3. Brenda Romero remembered feeling angry when she was a teenager and it truly hit her what it meant to be undocumented. Whether it was her longing to get a driver’s license, her dream of college or her desire to secure a good-paying job to help her family, her immigration status was a barrier. That was until a June morning five years ago when President Barack Obama announced an executive order known as Deferred Action for Childhood Arrivals. “I remember President Obama giving that address,” said Romero, who had just graduated from high school that summer. “I remember crying because I couldn’t believe that was something happening. (DACA) gave me hope.” Since the order, nearly 800,000 people have qualified for the program, an estimated 13,000 from Nevada. Dream Big Vegas, which helps undocumented immigrants with access to education, partnered with the Culinary Union to recognize DACA’s Aug. 15 anniversary. As much as it was a celebration, the gathering of DACA recipients, other undocumented people and various supporters got into the uncertainty around immigration. “(DACA has) helped us for a long time now,” said Astrid Silva, a local Dreamer and notable activist fighting for pathways to citizenship. “We want to get everyone to celebrate it but also see what will happen next, since programs like DACA and (Temporary Protected Status) are under attack.” DACA was initially open to undocumented immigrants under 31 who, at the time of the order, had come to the U.S. before they were 16. Prospective candidates had to be in school or had to have graduated from high school or a GED program, and they couldn’t have a felony conviction. “DACA was created because these kids were already in limbo,” said immigration attorney Peter Ashman, who spoke at the event. “If you take that away, they go back into limbo.” During his campaign, Donald Trump assured supporters that the executive order would be overturned on Day One of his presidency. “But here we are, six months later,” Ashman said, offering a little hope to the audience. Trump supports the proposed legislation known as the Raise Act, which would reduce immigration by half and prioritize “high-skill” applicants for entry into the United States. There was talk of that policy at the event, as well as Trump’s recent announcement that he might pardon former Arizona Sheriff Joe Arpaio, who was convicted of criminal contempt in July for ignoring a judge’s order to stop detaining people he suspected of being undocumented (sentencing is scheduled for Oct. 5). “Joe Arpaio was probably the worst human rights abuser and the worst elected anti-immigrant official we had in this country,” Ashman said. “To consider pardoning him and rewarding him for disobeying a federal judge is stunning to me.” U.S. Sen. Catherine Cortez Masto, D-Nev., who also spoke at the event, said doing so would erode the rule of the law. “This should not stand,” she said. While Trump has said DACA beneficiaries shouldn’t worry about his plans for reform, there are other forces at work. Ten state attorneys general, led by Ken Paxton of Texas, sent an ultimatum to U.S. Attorney General Jeff Sessions: Rescind the executive order or face litigation. Trump has until Sept. 5 to make a decision. “I think what they are looking at is not issuing anymore, not approving anymore or not extending anymore,” Ashman said “It would end the program. But if you have it and as long as it’s not expired, I really don’t see how they could take that away from you.” He added that dissolving the program would harm the community. “It’s almost cruel to give people employment authorization for five years, let them believe they have a place in this country, which they relied on, and then yank it out from underneath them,” Ashman said. “It’s inhuman. ... We won’t go down without a fight.” He recommended any potential DACA applicant get paperwork in order as soon as possible. Speakers expressed concern about the $500 fee to submit that paperwork, and fear about being added to a list of undocumented people. Cortez Masto said part of addressing immigration reform was breaking through the anti-immigrant rhetoric and sharing personal stories. “They are an integral part of our community,” she said. “If people would sit down with these families, if they would sit down with these kids, they would see how hardworking they are. Some are working two jobs just to put themselves through school and then go home to help their parents.” Their contribution to the workforce, she added, is significant: Deporting just Nevada’s DACA recipients could cut $5 million from the local economy annually. Cortez Masto said the best way to deal with the uncertainty about DACA’s future was to replace it. Another version of the Development, Education and Relief for Alien Minors Act, or the Dream Act, is being considered. The senator said existing and aspiring Dreamers needed to know they had allies fighting to get it passed, even though it would be just one step in the campaign to overhaul U.S. immigration policy. Potentially billions of dollars that could boost U.S. gross domestic product are tied up in the opportunities afforded people like Romero. Since applying for DACA, she has received her associate degree from the College of Southern Nevada, where she also was student body president. Now working on her bachelor’s at UNLV, she is expected to graduate in 2018. “I always knew DACA could go away,” she said. “But it helps going to events like this, knowing there are people who are there for you and that there are communities lined up to fight alongside us.” Source:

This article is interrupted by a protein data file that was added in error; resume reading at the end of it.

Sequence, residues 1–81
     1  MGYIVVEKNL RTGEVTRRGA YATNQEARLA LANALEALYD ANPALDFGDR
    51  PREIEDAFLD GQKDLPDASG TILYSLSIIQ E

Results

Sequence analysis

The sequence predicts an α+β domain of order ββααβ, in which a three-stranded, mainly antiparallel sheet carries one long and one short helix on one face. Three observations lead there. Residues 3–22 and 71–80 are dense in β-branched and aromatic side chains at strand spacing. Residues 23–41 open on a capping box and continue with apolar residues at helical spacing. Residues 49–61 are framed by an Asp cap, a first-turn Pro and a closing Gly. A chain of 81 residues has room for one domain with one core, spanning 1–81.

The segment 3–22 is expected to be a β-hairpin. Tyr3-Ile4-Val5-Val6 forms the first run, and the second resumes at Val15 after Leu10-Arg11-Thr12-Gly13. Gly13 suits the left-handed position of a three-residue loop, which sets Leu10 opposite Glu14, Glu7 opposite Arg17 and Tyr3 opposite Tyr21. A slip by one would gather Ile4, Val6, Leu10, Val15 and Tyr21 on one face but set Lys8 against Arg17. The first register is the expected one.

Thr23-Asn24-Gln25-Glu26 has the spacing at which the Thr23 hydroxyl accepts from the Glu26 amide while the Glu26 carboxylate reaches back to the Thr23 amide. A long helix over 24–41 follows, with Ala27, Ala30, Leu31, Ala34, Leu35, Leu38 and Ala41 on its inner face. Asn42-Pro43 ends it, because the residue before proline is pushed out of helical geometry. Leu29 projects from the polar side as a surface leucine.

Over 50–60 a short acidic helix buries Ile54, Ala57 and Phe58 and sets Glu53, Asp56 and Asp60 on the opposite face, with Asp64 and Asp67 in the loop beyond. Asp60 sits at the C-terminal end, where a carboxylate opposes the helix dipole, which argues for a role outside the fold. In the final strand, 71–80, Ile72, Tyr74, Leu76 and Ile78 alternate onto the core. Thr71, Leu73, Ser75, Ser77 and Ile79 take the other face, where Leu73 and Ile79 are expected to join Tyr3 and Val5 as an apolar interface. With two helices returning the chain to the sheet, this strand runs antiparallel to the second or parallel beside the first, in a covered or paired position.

4. On Aug. 17, six recipients of former President Barack Obama’s Deferred Action for Childhood Arrivals (DACA) immigration policy took to the podium at Triune Mercy Center to share their stories and experiences, and advocate for the passage of the Dream Act, a bipartisan piece of legislation introduced last month by Sens. Lindsey Graham, R-S.C., and Dick Durbin, D-Ill. The proposed Dream Act would “allow immigrant students who grew up in the United States to earn lawful permanent residence and eventually American citizenship,” according to a press release from Sen. Graham’s office. Requirements include that recipients graduate high school or obtain a GED and “pursue higher education, work lawfully for at least three years, or serve in the military.” Proficiency in English, knowledge of United States history, and a clean criminal record are also among the stipulations. “These young people have lived in America since they were children and built their lives here. … We should not squander these young people’s talents and penalize our own nation,” Sen. Graham said in a statement. “Our legislation would allow these young people — who grew up in the United States — to contribute more fully to the country they love.” Student immigrants and community leaders discussed the impact of former President Obama’s Deferred Action for Childhood Arrivals (DACA) immigration policy and advocated for the passage of the bipartisan Dream Act at an Aug. 17 event held at Triune Mercy Center. Photo by Joshua S. Kelly Through DACA, which was announced in June 2012, certain undocumented immigrants who were brought to the United States as minors can be granted temporary protection from deportation and work authorization. Among other requirements, DACA recipients must prove they are attending or graduated from high school or college, and that they have no criminal background. The Dream Act is being introduced during a time when the status of DACA remains uncertain. During the 2016 election cycle, then-presidential candidate Donald J. Trump promised to revoke the executive order as one of his first actions as president. Although the policy is still in place, 10 attorneys general, including South Carolina’s Alan Wilson, notified U.S. Attorney General Jeff Sessions in June that they would sue the Trump administration if DACA were not overturned by Sept. 5. “If DACA is revoked, that means all the students who applied for DACA all of a sudden now cannot legally work. In South Carolina, it means they can’t study at state colleges and universities, and they can also actually be deported,” said Will David of Ground Up Greenville. Ground Up Greenville, as well the Hispanic Alliance and Latinos Unidos @ Clemson University, presented Thursday’s event, called Dream On. But while DACA has expanded protections and opportunities for some undocumented immigrants, the policy has its limitations. Most notably, DACA does not provide a path to citizenship. And in South Carolina, DACA recipients are not eligible to receive in-state tuition at colleges and universities, and they are also prohibited from obtaining an array of professional licenses. Immigration reform advocates have challenged these restrictions. “They work so hard in school. They have so much more to contribute to South Carolina,” said Sarah Montero-Buria, community engagement and strategy manager at Hispanic Alliance. “South Carolina needs nurses. South Carolina needs doctors. …. We need these kids, and we need them to work. Not just for social justice reasons but also from an economic perspective.” Keny Murillo, a fifth-year senior at Furman University who hopes to attend medical school and become a doctor, addresses the audience at Triune Mercy Center. Photo by Joshua S. Kelly Two of the event’s speakers, Keny Murillo and Ilse Isidra, addressed how they will be unable to practice medicine in South Carolina under current policy. Murillo, who has lived in the United States since age 9, is a fifth-year senior majoring in biology at Furman University. He hopes to attend medical school and become a doctor. Isidra is a senior in the nursing program at USC Upstate. The Dream Act, Murillo said, “will be the solution that would allow young immigrants like myself that came here to continue our studies, to continue to stay here in this country and contribute further to our community and this nation, which we already do.” Isidra, who arrived in the United States at age 4, said the possibility that she would have to move to another state to practice nursing was “another bump in the road.” “I would like to stay in my community. I would like to be where my roots are from. I’d like to stay in my church and be able to be with my friends,” she said, before asking the audience to consider contacting their elected representatives to express support for the Dream Act. Sarai, who has lived in the United States since age 11, asks the audience at Triune Mercy Center to vocally support Sens. Graham and Durbin’s Dream Act. Photo by Joshua S. Kelly Sarai, a young woman who has lived in the United States since age 11, also urged the audience to vocally support the passage of the Dream Act. “My vision for South Carolina is one where it leads the charge in changing the status quo. It is time for us to seize our day, to make our history and say proudly that even though our past haunts us, this day we fought for a South Carolina that is inclusive, cohesive, and congruent with its values,” she said. “This is not an impossible dream, simply because I know firsthand Southerners like doing the right thing. And I believe Sen. Graham is already doing so by introducing this bill.” The DACA recipients also expressed that although they were not born in the United States, it is where they feel they belong. “Some people think that I would go to school here and go back to Honduras, but the truth is, I don’t see Honduras as my home,” Murillo said. “I see the United States as my home. … This is really all I know. This is really where I want to stay.” Source: